The water fills the bucket slowly. There is time to re-visit the trench, around the hedge corner and down the grassy slope. We found the burials today. The trench is deep and needs to be accessed by a ramp. Crossing the site, I enter the pipe trench that disturbed them. We have returned after some years for DNA and to try to understand why they are here.

Kneeling to see. A row of white molars barely fully formed. The bones small and light. A jumble.. pinned down by large stones. At least three people here but the area of stones we have uncovered today suggests that there may be several more.

Who were these children who lived over 2700 years ago in this beautiful place. I hear the trickle of the stream below me and look up to the green rounded hills. This was their home.. unless they were brought here. Did they work and play on this land? Why did they die so young?

The trench-talk was of the joys of prehistory. Ancestors who were greener, more environmental. A religion which valued mother earth …but we know so little. So many British prehistoric religions over thousands of years. Wedding bells merged with the conversation. They would have been so pleased with my plastic bucket gradually filling so conveniently.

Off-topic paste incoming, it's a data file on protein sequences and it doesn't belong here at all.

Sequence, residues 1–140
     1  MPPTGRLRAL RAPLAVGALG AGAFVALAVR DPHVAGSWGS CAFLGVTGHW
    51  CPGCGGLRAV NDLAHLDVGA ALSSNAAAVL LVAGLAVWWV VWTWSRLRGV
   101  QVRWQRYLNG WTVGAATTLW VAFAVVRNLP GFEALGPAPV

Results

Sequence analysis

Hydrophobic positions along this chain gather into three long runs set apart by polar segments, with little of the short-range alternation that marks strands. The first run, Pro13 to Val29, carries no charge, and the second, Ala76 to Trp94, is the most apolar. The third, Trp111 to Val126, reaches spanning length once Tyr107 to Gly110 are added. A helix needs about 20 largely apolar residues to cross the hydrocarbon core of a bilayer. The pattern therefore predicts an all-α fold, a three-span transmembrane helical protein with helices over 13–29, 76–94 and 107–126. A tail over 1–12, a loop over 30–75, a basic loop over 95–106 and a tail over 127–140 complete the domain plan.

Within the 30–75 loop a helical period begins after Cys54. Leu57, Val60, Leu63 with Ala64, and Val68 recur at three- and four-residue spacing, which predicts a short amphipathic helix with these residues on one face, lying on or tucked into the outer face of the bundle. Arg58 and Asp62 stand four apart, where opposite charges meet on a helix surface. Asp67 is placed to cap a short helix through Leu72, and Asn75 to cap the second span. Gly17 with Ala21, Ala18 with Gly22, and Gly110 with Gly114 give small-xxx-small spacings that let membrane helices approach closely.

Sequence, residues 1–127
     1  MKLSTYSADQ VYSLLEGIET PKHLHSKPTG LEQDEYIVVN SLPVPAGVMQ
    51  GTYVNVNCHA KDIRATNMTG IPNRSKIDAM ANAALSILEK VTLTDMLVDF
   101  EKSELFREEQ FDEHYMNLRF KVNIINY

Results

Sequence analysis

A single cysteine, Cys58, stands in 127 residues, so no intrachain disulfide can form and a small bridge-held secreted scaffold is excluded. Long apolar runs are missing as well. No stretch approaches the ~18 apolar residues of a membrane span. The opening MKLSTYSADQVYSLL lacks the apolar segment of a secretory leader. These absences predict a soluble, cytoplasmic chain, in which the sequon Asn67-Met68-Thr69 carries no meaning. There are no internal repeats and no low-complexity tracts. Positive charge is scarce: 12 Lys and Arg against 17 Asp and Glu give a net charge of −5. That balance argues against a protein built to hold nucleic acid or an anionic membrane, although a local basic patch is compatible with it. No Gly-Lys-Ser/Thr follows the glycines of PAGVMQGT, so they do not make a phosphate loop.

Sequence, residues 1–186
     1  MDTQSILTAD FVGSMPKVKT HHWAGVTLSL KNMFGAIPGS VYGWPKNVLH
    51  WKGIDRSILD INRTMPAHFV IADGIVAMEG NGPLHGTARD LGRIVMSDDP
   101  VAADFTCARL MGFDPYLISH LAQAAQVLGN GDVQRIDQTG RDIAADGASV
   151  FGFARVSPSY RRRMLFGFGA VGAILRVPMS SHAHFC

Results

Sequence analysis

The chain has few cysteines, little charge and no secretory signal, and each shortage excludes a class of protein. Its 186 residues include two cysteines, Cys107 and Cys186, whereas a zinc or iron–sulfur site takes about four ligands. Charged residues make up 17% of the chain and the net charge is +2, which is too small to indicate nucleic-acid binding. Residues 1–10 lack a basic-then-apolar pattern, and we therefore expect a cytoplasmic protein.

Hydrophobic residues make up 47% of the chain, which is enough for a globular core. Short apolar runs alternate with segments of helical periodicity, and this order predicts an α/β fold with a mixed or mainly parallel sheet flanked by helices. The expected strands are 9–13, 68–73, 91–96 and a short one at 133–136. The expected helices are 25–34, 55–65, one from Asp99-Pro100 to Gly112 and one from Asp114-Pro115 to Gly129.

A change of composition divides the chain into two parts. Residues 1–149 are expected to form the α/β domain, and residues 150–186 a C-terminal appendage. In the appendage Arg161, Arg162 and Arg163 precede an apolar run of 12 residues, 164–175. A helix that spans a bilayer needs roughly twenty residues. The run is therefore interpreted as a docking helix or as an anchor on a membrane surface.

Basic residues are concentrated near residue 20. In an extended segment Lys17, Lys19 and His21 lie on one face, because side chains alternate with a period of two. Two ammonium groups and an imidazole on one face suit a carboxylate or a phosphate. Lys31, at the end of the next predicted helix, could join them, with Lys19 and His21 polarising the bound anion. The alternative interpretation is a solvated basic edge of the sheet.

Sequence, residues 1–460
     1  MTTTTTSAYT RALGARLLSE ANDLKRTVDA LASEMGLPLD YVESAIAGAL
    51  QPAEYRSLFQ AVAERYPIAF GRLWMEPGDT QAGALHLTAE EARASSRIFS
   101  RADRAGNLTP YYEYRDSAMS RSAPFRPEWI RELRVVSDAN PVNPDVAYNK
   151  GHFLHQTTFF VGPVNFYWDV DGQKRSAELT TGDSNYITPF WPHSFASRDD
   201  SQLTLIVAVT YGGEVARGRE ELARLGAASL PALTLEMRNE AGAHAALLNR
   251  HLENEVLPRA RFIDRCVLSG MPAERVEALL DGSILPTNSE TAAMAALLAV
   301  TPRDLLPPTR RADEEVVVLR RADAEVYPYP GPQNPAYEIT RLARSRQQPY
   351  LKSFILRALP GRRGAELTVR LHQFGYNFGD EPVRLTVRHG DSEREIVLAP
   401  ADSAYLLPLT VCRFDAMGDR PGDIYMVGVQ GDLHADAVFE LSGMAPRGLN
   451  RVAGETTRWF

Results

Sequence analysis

Who knows what the Late Bronze Age/ Early Iron Age belief structure was. Human remains from this period are incredibly rare but sometimes archaeologists find bits of body mixed up with other debris in huge middens. As I looked at these young bones… life at that time seemed hard, brutal and nasty. How to interpret?

The specialists will come, examine, analyse but next Friday we will leave them here. Put the stones back in place. This was their home where there were people who cared for them (I want to believe they did) and left them to rest.

The bucket is overflowing. I carry it across the field to the cabin.Make tea. Watch the long evening sun highlight the earthworks of the village’s stepped medieval field system.

I will take the short footpath to the parish church beside the field nestled against the hill slope. Enjoy the quiet prayers of the generations.

A full moon is coming and.. through a clear sky, this lovely landscape will be washed silver.

And I will have some peace there, for peace comes dropping slow, Dropping from the veils of the morning to where the cricket sings; There midnight’s all a glimmer, and noon a purple glow, And evening full of the linnet’s wings. WB Yeats The Lake Isle of Innisfree

A place to stay

Eggardon

How to choose a favourite hillfort……

A difficult decision. Particularly in Dorset…..a county adorned with the finest hillforts in the land.